# How do you calculate how many stereoisomers a compound has?

##### 1 Answer

Since for every atom that can exist in more than one configuration, you have **R** or **S** (**E** or **Z** (

- If you had
#2# of those atoms, then you have#4# configuration combinations: (**R**,**R**), (**R**,**S**), (**S**,**R**), (**S**,**S**). - For
#3# of those atoms, you have: (**R**,**R**,**R**), (**R**,**R**,**S**), (**R**,**S**,**R**), (**S**,**R**,**R**), (**R**,**S**,**S**), (**S**,**R**,**S**), (**S**,**S**,**R**), (**S**,**S**,**S**), which is#8# .

Let us call an atom or group of atoms that can exist in more than one configuration a **stereounit**.

That means for

However, note that if there are any **meso** compounds (i.e. if the molecule has a chance of having a plane of symmetry dividing two identical halves that each contain asymmetric centers), then we must account for them because the symmetry reduces the number of different compounds.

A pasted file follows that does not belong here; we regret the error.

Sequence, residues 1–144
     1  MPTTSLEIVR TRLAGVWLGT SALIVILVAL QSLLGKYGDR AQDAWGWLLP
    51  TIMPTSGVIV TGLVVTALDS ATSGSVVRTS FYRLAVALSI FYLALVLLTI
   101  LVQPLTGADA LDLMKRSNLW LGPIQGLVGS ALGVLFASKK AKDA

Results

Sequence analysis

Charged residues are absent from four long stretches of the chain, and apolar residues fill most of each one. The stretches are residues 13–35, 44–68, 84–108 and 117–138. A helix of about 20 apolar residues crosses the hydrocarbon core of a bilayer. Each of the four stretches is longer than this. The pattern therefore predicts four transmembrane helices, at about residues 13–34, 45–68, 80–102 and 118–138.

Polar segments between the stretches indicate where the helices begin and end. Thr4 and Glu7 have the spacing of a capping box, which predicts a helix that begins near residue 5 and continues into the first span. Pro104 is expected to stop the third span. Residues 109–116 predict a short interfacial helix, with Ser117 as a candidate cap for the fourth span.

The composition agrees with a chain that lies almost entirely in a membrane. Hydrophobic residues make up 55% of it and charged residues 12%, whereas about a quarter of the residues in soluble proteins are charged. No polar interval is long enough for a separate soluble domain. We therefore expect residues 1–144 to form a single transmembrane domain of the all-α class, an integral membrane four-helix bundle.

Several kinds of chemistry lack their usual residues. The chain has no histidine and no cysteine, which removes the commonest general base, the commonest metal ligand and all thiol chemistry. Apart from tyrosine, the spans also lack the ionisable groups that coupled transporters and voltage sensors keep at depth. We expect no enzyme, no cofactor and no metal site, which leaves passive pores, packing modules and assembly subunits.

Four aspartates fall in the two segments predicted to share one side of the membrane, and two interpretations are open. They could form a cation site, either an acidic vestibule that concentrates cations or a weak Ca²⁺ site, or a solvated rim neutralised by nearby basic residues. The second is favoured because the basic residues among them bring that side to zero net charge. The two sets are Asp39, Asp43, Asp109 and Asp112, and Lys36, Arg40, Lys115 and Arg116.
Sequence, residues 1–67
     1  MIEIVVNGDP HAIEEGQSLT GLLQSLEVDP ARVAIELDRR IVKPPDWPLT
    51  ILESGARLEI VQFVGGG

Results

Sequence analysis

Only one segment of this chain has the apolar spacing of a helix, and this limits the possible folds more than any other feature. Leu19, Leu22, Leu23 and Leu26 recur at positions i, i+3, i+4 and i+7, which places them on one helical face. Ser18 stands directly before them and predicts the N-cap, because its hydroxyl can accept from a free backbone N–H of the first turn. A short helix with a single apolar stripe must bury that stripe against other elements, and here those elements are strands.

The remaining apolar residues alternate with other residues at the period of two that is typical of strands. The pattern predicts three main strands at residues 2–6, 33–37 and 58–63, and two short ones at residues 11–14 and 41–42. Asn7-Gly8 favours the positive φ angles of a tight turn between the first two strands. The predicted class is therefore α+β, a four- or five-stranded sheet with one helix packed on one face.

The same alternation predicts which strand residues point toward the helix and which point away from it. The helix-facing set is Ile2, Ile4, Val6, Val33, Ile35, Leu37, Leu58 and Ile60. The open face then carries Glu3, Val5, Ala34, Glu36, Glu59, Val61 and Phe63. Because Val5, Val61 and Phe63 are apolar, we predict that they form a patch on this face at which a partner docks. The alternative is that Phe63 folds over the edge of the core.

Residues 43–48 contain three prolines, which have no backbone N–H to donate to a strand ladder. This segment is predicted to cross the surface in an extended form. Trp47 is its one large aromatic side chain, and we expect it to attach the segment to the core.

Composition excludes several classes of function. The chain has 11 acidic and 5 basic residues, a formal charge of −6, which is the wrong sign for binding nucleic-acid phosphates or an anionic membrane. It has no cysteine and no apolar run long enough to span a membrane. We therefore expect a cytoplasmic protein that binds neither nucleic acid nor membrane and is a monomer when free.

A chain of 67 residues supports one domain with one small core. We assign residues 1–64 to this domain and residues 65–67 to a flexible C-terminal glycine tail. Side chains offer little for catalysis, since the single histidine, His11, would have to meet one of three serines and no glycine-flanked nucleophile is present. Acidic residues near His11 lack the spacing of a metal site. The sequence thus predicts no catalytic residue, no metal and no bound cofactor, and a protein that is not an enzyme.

An example of a meso compound vs. a regular chiral compound...

Thus, we revise the formula to give:

#\mathbf("Total Stereoisomers" = 2^n - "meso structures")# where

#n = "number of stereounits"# .

Note that if we had used the traditional definition of a **stereocenter** instead of a stereounit (i.e.

...it has two stereocenters, but three atoms which can be in more than one configuration.

*Hence, by the stereocenter definition, it has 4 structures, when in fact it DOESN'T.*

Two configurations for the left carbon, two configurations for the right carbon, and two configurations for the middle carbon, meaning